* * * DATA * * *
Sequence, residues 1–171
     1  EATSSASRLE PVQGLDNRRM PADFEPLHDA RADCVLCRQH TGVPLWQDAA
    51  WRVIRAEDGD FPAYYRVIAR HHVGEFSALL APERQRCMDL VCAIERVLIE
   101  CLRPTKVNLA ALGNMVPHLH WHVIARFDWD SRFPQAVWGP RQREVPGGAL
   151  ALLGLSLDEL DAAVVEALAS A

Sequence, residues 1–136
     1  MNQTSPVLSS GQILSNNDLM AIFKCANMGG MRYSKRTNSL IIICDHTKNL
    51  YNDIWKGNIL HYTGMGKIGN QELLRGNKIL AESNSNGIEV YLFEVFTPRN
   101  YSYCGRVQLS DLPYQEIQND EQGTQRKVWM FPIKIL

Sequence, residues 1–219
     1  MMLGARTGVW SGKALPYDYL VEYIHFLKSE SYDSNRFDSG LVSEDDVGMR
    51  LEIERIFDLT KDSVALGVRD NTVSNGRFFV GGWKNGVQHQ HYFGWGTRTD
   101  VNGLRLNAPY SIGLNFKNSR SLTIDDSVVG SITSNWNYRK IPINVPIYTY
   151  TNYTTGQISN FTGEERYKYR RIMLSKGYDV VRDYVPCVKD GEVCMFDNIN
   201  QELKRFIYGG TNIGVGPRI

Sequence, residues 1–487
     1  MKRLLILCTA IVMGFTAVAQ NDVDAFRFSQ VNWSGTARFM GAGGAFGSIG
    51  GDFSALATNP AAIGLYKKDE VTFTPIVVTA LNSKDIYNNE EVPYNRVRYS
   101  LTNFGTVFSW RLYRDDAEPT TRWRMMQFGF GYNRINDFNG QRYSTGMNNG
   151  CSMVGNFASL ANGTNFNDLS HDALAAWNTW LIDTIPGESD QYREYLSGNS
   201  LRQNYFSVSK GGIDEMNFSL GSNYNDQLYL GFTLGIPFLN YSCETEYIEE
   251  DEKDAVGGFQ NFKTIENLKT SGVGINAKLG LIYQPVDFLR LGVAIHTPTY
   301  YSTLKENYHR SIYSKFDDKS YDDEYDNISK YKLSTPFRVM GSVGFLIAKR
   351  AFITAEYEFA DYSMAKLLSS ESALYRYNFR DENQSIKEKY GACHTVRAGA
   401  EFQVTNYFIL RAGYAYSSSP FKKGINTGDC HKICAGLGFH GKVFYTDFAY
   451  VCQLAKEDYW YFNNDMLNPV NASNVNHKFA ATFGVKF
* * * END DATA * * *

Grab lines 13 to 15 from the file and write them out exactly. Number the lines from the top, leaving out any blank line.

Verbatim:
   101  VNGLRLNAPY SIGLNFKNSR SLTIDDSVVG SITSNWNYRK IPINVPIYTY
   151  TNYTTGQISN FTGEERYKYR RIMLSKGYDV VRDYVPCVKD GEVCMFDNIN
   201  QELKRFIYGG TNIGVGPRI